Biodiesel was actually invented long before the diesel engine. In 1853, Duffy and Patrick accomplished transesterification, or the moving of the oil esters off the glycerine part of oil and onto an alcohol. This results in a thinner product that can be used as fuel in place of diesel. Although his first diesel combustion was done using coal dust, Rudolf Diesel first ran a motor on peanut oil in 1893, thus creating the mechanism for the future use of biodiesel. The first patent for a fuel made through transesterification was in Belgium in 1937. And in 1977, the Brazilian scientist Expedito Parente invented the first industrial process for the production of biodiesel. In the 90’s, biofuel went through its infancy for general automotive use, and this century has blossomed into a full on alternative for the average diesel car driver.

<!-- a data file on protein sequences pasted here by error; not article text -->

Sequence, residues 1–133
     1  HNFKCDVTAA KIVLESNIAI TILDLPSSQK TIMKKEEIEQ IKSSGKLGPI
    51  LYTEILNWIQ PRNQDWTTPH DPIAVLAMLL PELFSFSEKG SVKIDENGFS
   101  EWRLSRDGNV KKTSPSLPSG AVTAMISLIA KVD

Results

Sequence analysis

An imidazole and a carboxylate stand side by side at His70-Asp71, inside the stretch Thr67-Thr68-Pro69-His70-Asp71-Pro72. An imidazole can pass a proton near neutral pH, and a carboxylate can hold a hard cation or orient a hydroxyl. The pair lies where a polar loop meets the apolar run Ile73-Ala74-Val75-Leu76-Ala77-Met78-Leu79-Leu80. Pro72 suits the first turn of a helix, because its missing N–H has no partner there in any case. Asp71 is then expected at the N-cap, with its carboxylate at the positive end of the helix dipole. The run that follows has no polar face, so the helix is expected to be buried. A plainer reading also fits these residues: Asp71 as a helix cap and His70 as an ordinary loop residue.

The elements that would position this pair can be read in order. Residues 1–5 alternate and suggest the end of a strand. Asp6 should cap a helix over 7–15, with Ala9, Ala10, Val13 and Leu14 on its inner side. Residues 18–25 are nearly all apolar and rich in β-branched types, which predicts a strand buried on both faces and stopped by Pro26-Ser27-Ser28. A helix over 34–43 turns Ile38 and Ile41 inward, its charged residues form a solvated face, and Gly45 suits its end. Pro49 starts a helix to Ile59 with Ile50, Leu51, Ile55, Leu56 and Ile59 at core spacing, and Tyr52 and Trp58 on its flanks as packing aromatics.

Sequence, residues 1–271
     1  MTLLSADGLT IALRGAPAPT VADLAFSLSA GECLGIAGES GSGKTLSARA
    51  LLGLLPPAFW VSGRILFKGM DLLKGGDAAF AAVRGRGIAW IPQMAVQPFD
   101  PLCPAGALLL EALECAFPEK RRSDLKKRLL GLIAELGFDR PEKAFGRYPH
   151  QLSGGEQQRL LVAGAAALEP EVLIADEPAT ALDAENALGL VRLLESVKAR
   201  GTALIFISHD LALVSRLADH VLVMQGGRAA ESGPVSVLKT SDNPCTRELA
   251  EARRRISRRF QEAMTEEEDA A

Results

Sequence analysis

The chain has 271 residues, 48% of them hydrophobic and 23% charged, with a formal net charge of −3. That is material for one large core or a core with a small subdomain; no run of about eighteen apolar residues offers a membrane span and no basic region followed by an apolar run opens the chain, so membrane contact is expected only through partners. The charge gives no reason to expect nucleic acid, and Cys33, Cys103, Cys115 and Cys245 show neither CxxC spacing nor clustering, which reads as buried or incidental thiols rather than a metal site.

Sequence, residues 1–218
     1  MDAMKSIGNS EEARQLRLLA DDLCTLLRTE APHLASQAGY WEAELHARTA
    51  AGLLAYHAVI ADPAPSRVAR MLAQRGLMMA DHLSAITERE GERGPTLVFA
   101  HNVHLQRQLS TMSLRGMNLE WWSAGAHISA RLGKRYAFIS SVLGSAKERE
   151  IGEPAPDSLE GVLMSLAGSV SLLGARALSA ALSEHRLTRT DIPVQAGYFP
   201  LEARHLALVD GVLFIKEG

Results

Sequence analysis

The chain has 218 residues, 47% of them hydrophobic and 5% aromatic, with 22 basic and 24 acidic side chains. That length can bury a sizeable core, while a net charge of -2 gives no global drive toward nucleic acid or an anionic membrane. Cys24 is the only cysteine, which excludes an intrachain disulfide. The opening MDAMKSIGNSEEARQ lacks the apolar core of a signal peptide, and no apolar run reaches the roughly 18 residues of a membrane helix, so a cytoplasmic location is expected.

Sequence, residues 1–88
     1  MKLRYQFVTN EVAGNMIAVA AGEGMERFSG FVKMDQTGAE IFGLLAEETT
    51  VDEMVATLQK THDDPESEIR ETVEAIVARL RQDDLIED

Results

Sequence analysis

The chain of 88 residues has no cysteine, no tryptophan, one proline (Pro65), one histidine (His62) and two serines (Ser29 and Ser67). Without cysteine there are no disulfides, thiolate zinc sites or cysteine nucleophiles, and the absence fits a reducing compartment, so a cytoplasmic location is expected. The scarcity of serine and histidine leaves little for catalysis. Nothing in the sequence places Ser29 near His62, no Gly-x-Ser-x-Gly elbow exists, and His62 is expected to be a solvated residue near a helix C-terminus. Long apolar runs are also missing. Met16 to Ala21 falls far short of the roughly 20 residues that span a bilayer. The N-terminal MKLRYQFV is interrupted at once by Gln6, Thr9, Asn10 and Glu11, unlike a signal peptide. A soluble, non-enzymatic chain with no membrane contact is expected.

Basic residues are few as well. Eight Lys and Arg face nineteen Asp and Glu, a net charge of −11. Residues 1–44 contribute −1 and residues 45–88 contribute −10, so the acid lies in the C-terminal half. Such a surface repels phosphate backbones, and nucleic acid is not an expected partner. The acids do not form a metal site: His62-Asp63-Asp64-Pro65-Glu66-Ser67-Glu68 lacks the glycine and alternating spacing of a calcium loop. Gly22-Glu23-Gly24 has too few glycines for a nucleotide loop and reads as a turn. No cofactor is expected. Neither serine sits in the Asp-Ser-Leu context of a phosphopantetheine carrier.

Biodiesel has better lubricating properties and a higher cetane rating than today’s low sulfur diesel fuels. When it is added to regular petroleum based diesel, it reduces fuel system wear. Typically used at levels of 2% to 5%, this mixture is known as BD2 and BD5. Biodiesel has almost no sulfur content. Modern diesel fuel is known as Ultra Low Sulfur Diesel or ULSD, as almost all the sulfur used for lubricity has been removed. Biodiesel is therefore often used as an additive to ULSD fuel to aid with lubrication. Both Volkswagen and Audi endorse using up to 5%, or BD5, in their engines to combat lubricity issues.